a Ratio of — b

5Fe2+ + MnO4– + 8H+ → 5Fe3+ + Mn2+ + 4H2O

5 — 1

5C2O42– + 2MnO4– + 16H+ → 2Mn2+ + 10CO2 + 8H2O

5 — 2

5H2O2 + 2MnO4– + 6H+ → 5O2 + 2Mn2+ + 8H2O

5 — 2

5NO2– + 2MnO4– + 6H+ → 5NO3– + 2Mn2+ + 3H2O

5 — 2

5FeC2O4 + 3MnO4– + 24H+ → 5Fe3+ + 3Mn2+ + 12H2O + 10CO2

5 — 3

Precautions in KMnO4 titration 1. KMnO4 titration is used to determine the concentration of iron(II) salt, ethanedioate (also called oxalate, C2O42–), hydrogen peroxide and nitrites. 2. Solutions used for KMnO4 titrations must be acidified. In neutral or alkaline solution, brown MnO2 is precipitated and detection of end point is difficult. MnO4– + 2H2O + 3e– → MnO2 + 4OH– 3. Sulphuric acid is always used for acidification. Hydrochloric acid and nitric acid must not be used for acidification. 4. KMnO4 titrations involving Fe2+, H2O2 and NO2– should be carried out at room temperature. 5. KMnO4 titration involving C2O42– should be carried out at temperatures above 70 °C. If the titration is carried out at lower temperatures, the redox reaction is incomplete, precipitation of MnO2 may occur and the result obtained is inaccurate. 6. KMnO4 solution should be added from the burette slowly. If it is added quickly, a brown suspension of MnO2 is formed. 7. No external indicator is required for KMnO4 titration because KMnO4 can act as it own indicator. The end point is reached when one drop of KMnO4 solution produces a light pink colour in the reaction mixture which should last for more than 35 seconds. 6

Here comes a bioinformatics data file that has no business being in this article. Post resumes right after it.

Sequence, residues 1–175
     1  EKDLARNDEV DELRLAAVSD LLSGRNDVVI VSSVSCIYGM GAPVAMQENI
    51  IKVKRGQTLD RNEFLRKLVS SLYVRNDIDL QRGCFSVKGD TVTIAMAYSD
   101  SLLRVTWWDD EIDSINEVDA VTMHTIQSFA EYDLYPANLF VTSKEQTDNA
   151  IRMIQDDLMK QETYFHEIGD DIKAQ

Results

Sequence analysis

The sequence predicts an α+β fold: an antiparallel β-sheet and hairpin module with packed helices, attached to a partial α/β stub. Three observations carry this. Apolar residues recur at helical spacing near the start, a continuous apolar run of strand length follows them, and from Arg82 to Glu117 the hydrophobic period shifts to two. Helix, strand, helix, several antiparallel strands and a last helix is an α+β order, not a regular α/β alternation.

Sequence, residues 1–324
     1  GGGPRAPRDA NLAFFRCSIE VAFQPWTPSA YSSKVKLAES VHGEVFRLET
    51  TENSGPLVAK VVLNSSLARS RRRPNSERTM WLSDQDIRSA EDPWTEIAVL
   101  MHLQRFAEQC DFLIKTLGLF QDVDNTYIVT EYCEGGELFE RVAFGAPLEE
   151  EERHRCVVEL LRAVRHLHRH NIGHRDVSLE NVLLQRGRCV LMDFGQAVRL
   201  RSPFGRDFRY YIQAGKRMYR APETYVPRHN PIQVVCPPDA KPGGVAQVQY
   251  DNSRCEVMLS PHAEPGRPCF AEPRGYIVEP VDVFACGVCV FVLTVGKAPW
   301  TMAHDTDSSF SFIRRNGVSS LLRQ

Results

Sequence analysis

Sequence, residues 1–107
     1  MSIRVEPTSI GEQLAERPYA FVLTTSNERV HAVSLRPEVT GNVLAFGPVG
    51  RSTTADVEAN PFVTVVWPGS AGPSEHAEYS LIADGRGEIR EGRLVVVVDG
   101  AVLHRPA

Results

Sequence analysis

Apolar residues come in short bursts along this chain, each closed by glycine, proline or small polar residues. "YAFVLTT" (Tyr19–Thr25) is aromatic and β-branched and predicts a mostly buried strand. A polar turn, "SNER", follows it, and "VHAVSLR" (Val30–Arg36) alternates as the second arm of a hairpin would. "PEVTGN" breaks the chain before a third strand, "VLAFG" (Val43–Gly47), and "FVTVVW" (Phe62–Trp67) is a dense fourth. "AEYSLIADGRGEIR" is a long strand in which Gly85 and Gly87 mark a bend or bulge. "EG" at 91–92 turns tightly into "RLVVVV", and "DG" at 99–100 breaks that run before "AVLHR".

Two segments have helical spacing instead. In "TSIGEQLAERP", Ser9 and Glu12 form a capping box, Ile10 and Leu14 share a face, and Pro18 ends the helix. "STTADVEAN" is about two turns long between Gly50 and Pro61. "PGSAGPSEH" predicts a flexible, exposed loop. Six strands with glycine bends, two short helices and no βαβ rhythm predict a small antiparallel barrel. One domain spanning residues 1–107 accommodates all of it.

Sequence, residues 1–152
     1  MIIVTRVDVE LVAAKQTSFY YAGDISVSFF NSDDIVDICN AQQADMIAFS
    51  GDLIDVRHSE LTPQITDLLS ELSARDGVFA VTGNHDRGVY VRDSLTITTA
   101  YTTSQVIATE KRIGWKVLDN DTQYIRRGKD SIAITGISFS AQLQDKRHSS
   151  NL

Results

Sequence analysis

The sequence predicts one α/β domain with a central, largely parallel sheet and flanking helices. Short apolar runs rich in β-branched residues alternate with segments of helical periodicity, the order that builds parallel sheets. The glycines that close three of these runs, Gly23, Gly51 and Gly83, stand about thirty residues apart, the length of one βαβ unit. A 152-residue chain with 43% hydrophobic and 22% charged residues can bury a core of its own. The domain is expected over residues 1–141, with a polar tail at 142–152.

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Example 4 To find the mass of FeSO4.7H2O in 250 cm3 solution A sample of iron(II) sulphate crystals, FeSO4.7H2O, was dissolved in dilute sulphuric acid and made up to 250 cm3 with distilled water in a standard flask. 25.0 cm3 of this solution needed 25.80 cm3 of KMnO4 for complete reaction. (a) Write the ionic equation for the reaction between iron(II) sulphate and KMnO4. (b) If the concentration of KMnO4 solution is 3.16 g dm–3, calculate the concentration (in g dm–3) of (i) FeSO4, (ii) FeSO4.7H2O. (c) What was the mass of FeSO4.7H2O dissolved in 250 cm3 solution? Solution (a) 5Fe2+ + MnO4– + 8H+ → 5Fe3+ + Mn2+ + 4H2O (b) (i) Step 1 Calculate the concentration of KMnO4 in mol dm–3 Relative molecular mass of KMnO4 = 158 3.16 Concentration of KMnO4 = ——— = 0.020 mol dm–3 158 Calculate the concentration of Fe2+

Step 2

(M1V1)Fe2+ 5 — — — — — — — — — — = — (M2V2)KMnO 1 4

0.020  25.8 — — — — — — — — — — — — — — — — — — — — — — — — — = 0.103 mol dm–3 Concentration of Fe2+ = 5  — 25 Relative molecular mass of FeSO4 = 152 Concentration of FeSO4 = 0.103  152 = 15.7 g dm–3 (ii) Relative molecular mass of FeSO4.7H2O = 278 Concentration of FeSO4.7H2O = 0.103  278 = 28.6 g dm–3 (c) Mass of FeSO4.7H2O dissolved in 250 cm3 solution 28.6 = — — — — — = 7.15 g 4 Example 5 To find the concentration of Na2C2O4 F1 is a solution containing oxalic acid, H2C2O4 and sodium oxalate, Na2C2O4. F2 is 0.10 mol dm–3 sodium hydroxide solution. F3 is 0.024 mol dm–3 KMnO4 solution. 25.0 cm3 of F1 required 18.50 cm3 of F2 for complete neutralisation. 25.0 cm3 of F1 required 33.60 cm3 of F3 for complete redox reaction. (a) Calculate the concentration (in g dm–3) of H2C2O4 in F1 solution (b) Calculate the concentration (in mol dm–3) of C2O42– ions in F1 solution. (c) Hence, calculate the concentration (in g dm–3) of Na2C2O4 in F1 solution. Solution (a) H2C2O4 + 2NaOH → Na2C2O4 + 2H2O (M1V1)H C O 1 2 2 4 — — — — — — — — — — — — = — 2 (M2V2)NaOH